True to her word, Nova was waiting with two meditation cushions when I got back to our room the next morning. My eye was throbbing and I wanted nothing more than to take a painkiller and fall into bed, but she was so excited about “realigning my core to the living energy of the cosmos” that I couldn’t say no.
I let her sit me down on the pillow in something she called four corners position. It looked like normal old cross-legged to me, but I tried my best to keep my body just as she’d arranged it while Nova turned on her weird static music again. She sat down on the pillow across from mine and closed her eyes, instructing me in a dreamy voice to breathe deeply and imagine the endless void of empty space slowly filling with stars.
I’d filled my void with stars five times over and was starting to fall asleep by the time Nova announced the session was over.
“Do you feel better?” she asked, switching off the music.
“A little,” I lied. I felt exactly the same, only now my legs ached from sitting still for so long. “Can’t expect too much from my first session, though.”
“It gets easier with practice,” Nova assured me, getting up to collect the pillows. The session must have been much better for her than for me. Nova was practically glowing as I helped her toss the cushions back onto her bunk.
“Well, I don’t have any plasmex,” I said. “So I don’t know if it’ll ever really work for me.”
“Everyone has plasmex, Deviana,” Nova said, beaming. “It’s a fundamental force of the universe, like gravity or the strong force inside atoms. Some humans are more sensitive to it than others, especially with daily practice, but everyone has at least a little.” Her beaming smile faded a few watts. “Well, biologically speaking, humans and aeons have the least plasmex sensitivity of the known races. Xith’cal have significantly more, and the lelgis are said to hold it as the core of their senses, but please don’t let that disturb your harmony. The only thing that truly matters is that we are all connected through plasmex in a great oneness that spans the whole of space-time. On a universal scale like that, minor biological differences become insignificant.”
“Thanks,” I said, eying my bed longingly. “I’ll keep that in mind.”
Nova caught my look and blushed, her paper-white cheeks turning bright red. “I’m sorry. I didn’t mean to keep you up.”
“No, no, no,” I said hurriedly. I was almost frantic to reassure her. The thought that I’d hurt Nova’s feelings made me feel like I’d just kicked a puppy. “It was really nice and it helped a lot. I’d love to do it again.”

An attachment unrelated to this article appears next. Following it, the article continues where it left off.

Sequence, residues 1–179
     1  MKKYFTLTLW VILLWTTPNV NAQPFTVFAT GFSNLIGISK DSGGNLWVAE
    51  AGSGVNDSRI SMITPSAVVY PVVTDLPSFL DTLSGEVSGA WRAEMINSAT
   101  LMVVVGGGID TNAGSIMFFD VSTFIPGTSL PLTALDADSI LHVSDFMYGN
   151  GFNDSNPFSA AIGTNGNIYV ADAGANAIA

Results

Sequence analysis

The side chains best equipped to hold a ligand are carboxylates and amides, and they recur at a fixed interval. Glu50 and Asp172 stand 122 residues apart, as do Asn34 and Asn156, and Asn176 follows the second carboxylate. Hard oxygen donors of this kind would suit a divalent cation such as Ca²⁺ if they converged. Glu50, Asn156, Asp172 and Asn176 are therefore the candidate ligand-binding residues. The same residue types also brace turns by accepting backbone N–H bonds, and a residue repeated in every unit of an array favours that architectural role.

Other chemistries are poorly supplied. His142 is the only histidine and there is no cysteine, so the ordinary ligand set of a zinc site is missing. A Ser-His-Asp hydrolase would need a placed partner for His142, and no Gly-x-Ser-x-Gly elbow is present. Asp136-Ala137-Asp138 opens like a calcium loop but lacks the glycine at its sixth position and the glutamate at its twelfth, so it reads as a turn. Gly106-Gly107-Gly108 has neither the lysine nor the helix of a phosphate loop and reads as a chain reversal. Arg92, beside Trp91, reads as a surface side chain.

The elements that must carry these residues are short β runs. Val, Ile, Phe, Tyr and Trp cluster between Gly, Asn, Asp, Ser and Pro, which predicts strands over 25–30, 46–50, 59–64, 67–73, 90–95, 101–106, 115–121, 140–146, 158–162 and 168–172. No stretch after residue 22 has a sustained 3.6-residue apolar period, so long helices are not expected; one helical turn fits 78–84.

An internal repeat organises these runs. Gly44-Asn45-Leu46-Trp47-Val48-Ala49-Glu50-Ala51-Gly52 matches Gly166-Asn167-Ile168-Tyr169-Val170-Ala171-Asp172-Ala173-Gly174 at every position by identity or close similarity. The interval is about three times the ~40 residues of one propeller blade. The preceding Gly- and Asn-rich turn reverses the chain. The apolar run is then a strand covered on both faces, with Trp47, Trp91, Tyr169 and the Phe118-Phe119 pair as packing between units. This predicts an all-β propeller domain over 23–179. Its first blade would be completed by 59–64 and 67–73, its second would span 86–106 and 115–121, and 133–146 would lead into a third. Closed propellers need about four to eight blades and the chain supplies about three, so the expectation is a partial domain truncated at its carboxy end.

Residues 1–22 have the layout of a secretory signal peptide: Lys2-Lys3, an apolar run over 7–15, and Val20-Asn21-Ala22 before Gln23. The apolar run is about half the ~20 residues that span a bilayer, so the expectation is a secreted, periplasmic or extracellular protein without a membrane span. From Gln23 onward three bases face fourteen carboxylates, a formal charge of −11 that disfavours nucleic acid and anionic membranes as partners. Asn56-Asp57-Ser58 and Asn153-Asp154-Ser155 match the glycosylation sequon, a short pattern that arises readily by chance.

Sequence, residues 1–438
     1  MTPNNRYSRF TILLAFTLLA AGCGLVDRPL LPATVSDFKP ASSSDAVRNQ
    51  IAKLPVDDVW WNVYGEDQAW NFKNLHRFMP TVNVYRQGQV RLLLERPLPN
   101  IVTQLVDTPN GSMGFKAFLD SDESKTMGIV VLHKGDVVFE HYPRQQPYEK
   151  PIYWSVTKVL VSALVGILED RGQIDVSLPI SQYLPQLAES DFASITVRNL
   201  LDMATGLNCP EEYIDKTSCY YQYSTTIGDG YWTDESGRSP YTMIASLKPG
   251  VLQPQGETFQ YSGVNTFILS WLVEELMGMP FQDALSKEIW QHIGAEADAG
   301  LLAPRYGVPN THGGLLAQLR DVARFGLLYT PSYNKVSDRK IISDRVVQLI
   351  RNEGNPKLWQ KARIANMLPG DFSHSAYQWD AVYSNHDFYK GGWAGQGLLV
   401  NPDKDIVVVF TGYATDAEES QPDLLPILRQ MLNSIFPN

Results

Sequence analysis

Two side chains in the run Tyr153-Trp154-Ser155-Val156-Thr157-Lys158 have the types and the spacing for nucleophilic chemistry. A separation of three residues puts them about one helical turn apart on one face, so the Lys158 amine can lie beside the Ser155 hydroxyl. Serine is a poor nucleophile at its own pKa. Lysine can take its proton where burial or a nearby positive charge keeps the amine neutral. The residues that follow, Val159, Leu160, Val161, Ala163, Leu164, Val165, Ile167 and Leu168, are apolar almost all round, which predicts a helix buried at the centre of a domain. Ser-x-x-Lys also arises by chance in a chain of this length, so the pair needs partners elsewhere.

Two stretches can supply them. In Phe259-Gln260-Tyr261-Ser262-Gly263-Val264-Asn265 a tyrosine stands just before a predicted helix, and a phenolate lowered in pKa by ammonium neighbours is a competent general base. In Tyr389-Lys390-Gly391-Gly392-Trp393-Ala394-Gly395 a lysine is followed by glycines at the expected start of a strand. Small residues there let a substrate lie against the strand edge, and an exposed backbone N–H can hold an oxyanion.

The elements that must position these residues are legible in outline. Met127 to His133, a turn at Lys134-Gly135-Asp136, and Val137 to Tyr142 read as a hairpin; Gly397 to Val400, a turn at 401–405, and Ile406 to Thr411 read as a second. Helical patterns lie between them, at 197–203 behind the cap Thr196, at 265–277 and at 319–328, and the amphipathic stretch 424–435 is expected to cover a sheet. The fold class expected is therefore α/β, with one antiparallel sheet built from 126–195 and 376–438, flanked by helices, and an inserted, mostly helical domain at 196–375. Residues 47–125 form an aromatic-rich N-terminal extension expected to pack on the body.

Nova peeked at me. “Only if you’re sure. I don’t want to bother you. I know how busy you and Mr. Cotter are.”
I couldn’t help it—I reached out with a grin to squeeze her bony shoulder. “Nova, you are a piece of good work, you really are. You are way too nice for this ship.”
Nova’s cheeks went scarlet again. “Oh, no,” she said quickly. “It’s the captain who was nice to take me in. I wasn’t actually fully qualified to be a systems engineer when I started. Captain Caldswell did it as a kindness to my father.”
I didn’t stop smiling, but suddenly I was paying serious attention. “Really? How does your father know Caldswell?”
“I don’t know, exactly,” Nova said, suddenly looking sheepish. “Father always says that remembering the past is impossible when you are at one with a universe where time only moves forward, which makes it kind of hard to ask him questions like that. But I do know that my father put me here because he meant me to help with the captain’s good work.”
I had to fight not to look too interested. “Good work? What kind of good work? You mean charity?”
Nova shrugged, her brilliant smile returning. “I have no idea, but Captain Caldswell has always been good to me. We harmonize so well, I’m happy to help him any way I can.” She glanced at her handset, and her pale eyebrows shot up. “Oh dear, I have to relocate! Basil’s balance will be upset if I’m late.”
“Basil’s balance is eternally upset,” I said, but Nova was already out the door, waving at me as she went.